Monday #15: Ski Lessons

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Last year, at the age of 44, I began learning to ski. I say “began” because, like everything, skiing is something that you don’t just learn and then do, it is an ongoing process.

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I ski with Jeff and his two, teenaged kids–all of whom have been skiing for many years and are very skilled–as well as my two teens, who began when I did but have the youth and the bravado that allows them to excel at physical sports at a rather fast pace. Yes, I ski with all boys. And, trust me, this is not something for the weak of heart.

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While my team races each other down blues and blacks, I stick mainly to “green” slopes which are the easiest and least slopey slopes, and I constantly fight the urge to slip into “snowplow,” the trademark stance of small children that immediately gives away the fear and hesitancy of a beginner. I am slow and I fall a lot. And, because of all these things, when we go skiing–as we did this Thanksgiving weekend in Killington, VT (one of the few places out here with snow)– I typically spend most of the days by myself, working on my stance, my speed and my confidence.

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Being by myself on a big, beautiful mountain offers a rather meditative place for my own thoughts and, when I am not the coach or the critic in my head, I can’t help but think up other stuff, too. This weekend as I made my way through the first go at my second season of this tricky sport I thought, you know, skiing is kind of an allegory of life! So, here today at 52 Mondays is a list called, “A Dozen Things Skiing Taught Me About Life.”

  1. Tools and gear matter. You can’t attempt the sport if you don’t have the right tools and gear. Outfit yourself. Make sure you’re using stuff that works!
  2. Advice can be helpful or drive you crazy. Listen to the experts and let them tell you how they became proficient. Smile at the others and realize they are only trying to help. Use what works, forget what doesn’t.
  3. What goes up must come down but, guess what, what goes down also goes up! Don’t climb the mountain when you can take the lift.
  4. Don’t be an obstacle to others. You’ll make someone else fall and be liable to be whacked in the head in the process.
  5. If you fall every time you lean backwards, stop doing that and lean forwards instead!
  6. Few people fall just standing still so, hey, falling means you are trying to move forward.
  7. There can be icy patches on your favorite slope but that doesn’t mean you should avoid the run. Learn to navigate those difficult patches and you get to experience the good bits, too.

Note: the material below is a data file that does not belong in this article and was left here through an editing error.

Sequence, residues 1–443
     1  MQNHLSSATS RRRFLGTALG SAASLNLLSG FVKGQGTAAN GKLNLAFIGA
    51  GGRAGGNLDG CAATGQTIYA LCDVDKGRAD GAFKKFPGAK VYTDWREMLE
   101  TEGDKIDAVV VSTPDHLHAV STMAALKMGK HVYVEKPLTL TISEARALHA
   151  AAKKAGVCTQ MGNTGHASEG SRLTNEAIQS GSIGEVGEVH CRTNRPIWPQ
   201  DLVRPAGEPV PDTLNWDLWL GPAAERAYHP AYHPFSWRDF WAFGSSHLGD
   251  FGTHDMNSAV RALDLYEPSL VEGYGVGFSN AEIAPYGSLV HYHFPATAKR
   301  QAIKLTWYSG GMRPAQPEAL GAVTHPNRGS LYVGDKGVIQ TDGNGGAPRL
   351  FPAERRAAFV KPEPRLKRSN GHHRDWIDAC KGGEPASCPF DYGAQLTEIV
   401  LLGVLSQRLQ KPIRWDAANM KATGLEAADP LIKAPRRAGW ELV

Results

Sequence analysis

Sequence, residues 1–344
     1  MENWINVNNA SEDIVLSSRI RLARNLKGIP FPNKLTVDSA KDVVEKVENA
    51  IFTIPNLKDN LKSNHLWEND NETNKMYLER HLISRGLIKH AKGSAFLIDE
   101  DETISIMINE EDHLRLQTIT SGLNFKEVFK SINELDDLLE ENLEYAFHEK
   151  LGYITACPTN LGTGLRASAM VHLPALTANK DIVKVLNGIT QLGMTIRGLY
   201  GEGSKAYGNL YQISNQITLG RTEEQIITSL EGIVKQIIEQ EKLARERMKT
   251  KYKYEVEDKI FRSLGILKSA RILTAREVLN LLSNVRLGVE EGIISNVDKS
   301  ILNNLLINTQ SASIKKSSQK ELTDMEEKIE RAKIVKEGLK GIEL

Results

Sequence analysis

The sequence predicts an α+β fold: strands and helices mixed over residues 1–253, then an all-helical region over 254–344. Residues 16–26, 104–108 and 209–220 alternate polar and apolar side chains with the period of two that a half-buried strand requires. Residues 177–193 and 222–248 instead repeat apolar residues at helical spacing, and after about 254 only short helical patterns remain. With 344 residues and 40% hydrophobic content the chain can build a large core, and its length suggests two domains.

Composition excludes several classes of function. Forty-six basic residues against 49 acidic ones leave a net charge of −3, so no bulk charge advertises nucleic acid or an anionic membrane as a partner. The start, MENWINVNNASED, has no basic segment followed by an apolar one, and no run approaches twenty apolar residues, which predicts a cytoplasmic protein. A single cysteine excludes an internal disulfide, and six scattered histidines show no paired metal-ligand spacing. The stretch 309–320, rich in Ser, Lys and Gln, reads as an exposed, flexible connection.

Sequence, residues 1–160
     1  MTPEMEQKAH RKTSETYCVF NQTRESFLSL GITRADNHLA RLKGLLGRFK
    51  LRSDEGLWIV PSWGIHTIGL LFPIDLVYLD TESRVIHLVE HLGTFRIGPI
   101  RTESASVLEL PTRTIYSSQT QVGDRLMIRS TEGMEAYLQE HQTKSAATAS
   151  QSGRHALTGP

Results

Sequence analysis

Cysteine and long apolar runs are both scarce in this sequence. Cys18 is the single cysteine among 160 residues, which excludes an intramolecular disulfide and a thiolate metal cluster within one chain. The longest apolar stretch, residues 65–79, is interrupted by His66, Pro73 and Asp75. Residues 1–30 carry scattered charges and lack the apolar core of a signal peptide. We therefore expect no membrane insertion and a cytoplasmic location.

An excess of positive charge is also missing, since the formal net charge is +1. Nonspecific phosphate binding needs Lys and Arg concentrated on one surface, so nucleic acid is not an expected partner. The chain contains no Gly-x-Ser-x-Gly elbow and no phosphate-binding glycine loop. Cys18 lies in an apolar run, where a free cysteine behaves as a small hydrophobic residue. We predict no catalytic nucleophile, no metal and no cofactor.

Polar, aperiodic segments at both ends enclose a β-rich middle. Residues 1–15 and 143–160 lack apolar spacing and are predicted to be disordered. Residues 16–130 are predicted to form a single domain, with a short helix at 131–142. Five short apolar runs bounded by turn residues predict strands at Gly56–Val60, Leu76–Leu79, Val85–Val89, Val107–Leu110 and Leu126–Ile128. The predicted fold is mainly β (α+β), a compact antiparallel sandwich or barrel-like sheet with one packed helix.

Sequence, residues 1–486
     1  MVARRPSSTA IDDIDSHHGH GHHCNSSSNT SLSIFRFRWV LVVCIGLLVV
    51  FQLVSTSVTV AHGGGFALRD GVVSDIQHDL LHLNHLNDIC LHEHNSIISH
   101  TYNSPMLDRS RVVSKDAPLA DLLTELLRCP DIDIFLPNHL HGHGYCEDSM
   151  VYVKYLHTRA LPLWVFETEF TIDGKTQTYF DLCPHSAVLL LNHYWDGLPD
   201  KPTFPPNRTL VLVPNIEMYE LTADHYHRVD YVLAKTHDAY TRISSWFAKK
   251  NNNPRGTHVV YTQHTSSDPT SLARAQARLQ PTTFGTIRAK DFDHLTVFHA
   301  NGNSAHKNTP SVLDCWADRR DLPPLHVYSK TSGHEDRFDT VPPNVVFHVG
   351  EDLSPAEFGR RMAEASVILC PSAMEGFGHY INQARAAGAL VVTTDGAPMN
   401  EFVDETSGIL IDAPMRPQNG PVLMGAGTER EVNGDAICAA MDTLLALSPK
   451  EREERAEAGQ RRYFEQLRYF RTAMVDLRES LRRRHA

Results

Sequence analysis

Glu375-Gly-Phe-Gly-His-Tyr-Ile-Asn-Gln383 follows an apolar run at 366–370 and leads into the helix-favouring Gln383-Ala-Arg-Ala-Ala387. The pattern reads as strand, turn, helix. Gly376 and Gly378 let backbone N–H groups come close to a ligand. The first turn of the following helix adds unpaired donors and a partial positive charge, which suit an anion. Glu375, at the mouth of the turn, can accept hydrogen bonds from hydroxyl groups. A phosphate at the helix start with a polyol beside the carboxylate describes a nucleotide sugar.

8. Remember you’re not the only one there…the mountain is full of many others trying to make their way down, too.
  9. Practice may never make perfect but it is the only way to keep getting better at anything.
  10. When it gets too cold, go inside and warm your toes by a nice fire. Maybe someone will join you. Maybe you will make a new friend.
  11. Life’s best adventures are best taken with people we love.
  12. Always remember to breathe and enjoy the view.

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Did I mention that, no matter how badly I suck, how cold and blizzardy it is, or how much my feet hurt from being squished into the most uncomfortable footgear known to humankind that I love this silly sport? And, while I do spend a lot of time alone, I ski with sweet people who check in on me throughout the day and join me on a few slow runs when they need a rest from all their testosterone driven races and escapades. Sometimes they even say I’m doing better!

Oh, and one more thing… embrace the photobomb. It means you’re in the midst of happy people having fun.

Have a beautiful week out there, my friends!

TRY THIS WEEK: Pray for snow.

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About Dar Hosta James

I am an artist living in New Jersey. I write and illustrate children's books, paint, draw, blog, coach, teach and speak about creativity.
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3 Responses to Monday #15: Ski Lessons

  1. Kristy says:

    What helped me progress as a late-starting skier (39): playing follow the leader. I was fortunate to have an instructor who was also a psychologist, so he understood that even adults learn better through play. I was so distracted focusing on staying in the tracks of the person ahead of me that I went down runs in conditions I would never have attempted otherwise!

    One caution, make sure the person you’re following has good skills and good judgment. I once saw a woman stranded in the middle of a mogul run screaming, “I’m going to KILL you!” at her incautious husband/friend who was gazing up at her from the bottom. :)

  2. Kristy! Yes! Follow the leader is really helpful and in my second lesson at Belleayre Mountain, I had a wonderful instructor–and was lucky enough to have a solo lesson–who played this with me. A funny thing he said as he watched me go down afterwards was that I put my arms out and move my hands (pole less at that moment) like a child does, turning my hands in the direction I want my feet to turn! I’ve also had the latter experience you describe and actually attempted a black diamond after about 10 ski weekends last year. What would have took my son less than a minute to get down took me almost 20 minutes. Friends in the lift overhead saw a still, black dot on the hill and said, “hey, is that Dar?!?”

    Alas, it is a humbling sport.
    Pray for snow and ski on, my friend!

  3. Kristy says:

    You are braver and more risk tolerant than I am. I only skied my first black diamond because I made a mistake and turned one run too soon! Humbling, yes.

    Stay safe and have a good season.

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